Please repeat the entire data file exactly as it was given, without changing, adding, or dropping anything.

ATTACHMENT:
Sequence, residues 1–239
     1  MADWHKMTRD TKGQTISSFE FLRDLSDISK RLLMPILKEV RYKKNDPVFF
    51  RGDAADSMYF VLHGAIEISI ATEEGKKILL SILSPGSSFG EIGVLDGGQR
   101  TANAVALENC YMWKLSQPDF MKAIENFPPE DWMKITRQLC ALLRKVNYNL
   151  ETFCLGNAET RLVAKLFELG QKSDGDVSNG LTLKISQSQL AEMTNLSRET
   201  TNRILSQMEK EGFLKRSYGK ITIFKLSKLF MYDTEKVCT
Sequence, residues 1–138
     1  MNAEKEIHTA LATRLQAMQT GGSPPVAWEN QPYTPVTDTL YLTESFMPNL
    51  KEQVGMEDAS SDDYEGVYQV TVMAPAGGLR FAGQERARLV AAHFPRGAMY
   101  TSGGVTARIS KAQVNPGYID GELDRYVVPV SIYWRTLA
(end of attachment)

Sequence, residues 1–239
     1  MADWHKMTRD TKGQTISSFE FLRDLSDISK RLLMPILKEV RYKKNDPVFF
    51  RGDAADSMYF VLHGAIEISI ATEEGKKILL SILSPGSSFG EIGVLDGGQR
   101  TANAVALENC YMWKLSQPDF MKAIENFPPE DWMKITRQLC ALLRKVNYNL
   151  ETFCLGNAET RLVAKLFELG QKSDGDVSNG LTLKISQSQL AEMTNLSRET
   201  TNRILSQMEK EGFLKRSYGK ITIFKLSKLF MYDTEKVCT
Sequence, residues 1–138
     1  MNAEKEIHTA LATRLQAMQT GGSPPVAWEN QPYTPVTDTL YLTESFMPNL
    51  KEQVGMEDAS SDDYEGVYQV TVMAPAGGLR FAGQERARLV AAHFPRGAMY
   101  TSGGVTARIS KAQVNPGYID GELDRYVVPV SIYWRTLA